Market research firm Gartner predicts that spending by semiconductor companies will fall 2% this year as weak demand for PCs, tablets and mobile products continue to plague the industry.
Gartner’s forecast total of $62.8bn for 2016, however, represents an increase from an estimated 4.7% decline in its previous quarterly forecast.
Last year, the figure stood at $64.06bn. However, going forward, Gartner expects a return to growth in 2017, forecasting spending of $65.53bn, growth of 4.4%, and further growth in 2018, with $70.01bn, an increase of 6.8%.
Increased demand for 10 nanometer and 3D NAND process development in memory and logic/foundry will drive overall spending in 2017.
Gartner senior research analyst David Christensen said: "The slowdown in the devices market has driven semiconductor producers to be conservative with their capital spending plans.
"This year, leading semiconductor manufacturers are responding to anticipated weak demand from semiconductors and preparing for new growth in leading-edge technologies in 2017."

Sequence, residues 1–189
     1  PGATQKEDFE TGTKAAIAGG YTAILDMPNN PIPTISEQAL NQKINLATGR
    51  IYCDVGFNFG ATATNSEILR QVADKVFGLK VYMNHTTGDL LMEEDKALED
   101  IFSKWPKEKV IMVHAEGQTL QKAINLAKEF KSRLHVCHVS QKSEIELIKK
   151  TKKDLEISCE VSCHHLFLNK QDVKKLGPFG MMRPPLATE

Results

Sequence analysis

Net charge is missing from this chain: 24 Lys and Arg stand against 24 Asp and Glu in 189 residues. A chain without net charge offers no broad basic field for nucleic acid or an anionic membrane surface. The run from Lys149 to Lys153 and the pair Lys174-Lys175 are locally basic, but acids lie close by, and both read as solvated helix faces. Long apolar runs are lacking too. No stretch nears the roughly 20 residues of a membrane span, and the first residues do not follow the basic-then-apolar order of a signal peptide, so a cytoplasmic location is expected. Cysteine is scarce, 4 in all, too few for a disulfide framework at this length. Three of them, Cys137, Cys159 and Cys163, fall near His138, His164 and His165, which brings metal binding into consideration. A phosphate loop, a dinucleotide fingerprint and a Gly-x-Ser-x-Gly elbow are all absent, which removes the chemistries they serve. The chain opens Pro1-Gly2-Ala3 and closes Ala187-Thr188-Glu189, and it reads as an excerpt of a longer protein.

Gartner added that the semiconductor manufacturing industry should not ignore the Chinese government’s aggressive pursuit of chip making capability amid several developments in the market over the last year.
The company expects the move by China-based entities to dramatically affect the chip making landscape in the next few years.
Earlier this year, Gartner reported that worldwide semiconductor revenue dropped 1.9% to $333.7bn in 2015, from $340.3bn in 2014.
The combined revenue of top 25 semiconductor vendors increased 0.2%, which was more than the overall industry’s growth.
They accounted for 73.2% of total market revenue, up from 71.7% in 2014.
Intel saw its revenue decline to $51.7bn in 2015, a 1.2% drop, due to falling PC shipments. The company finished the year with 15.5% share of the semiconductor market.
Samsung stood at second place with 11.6% market share, followed by SK Hynix, Qualcomm and Micron Technology.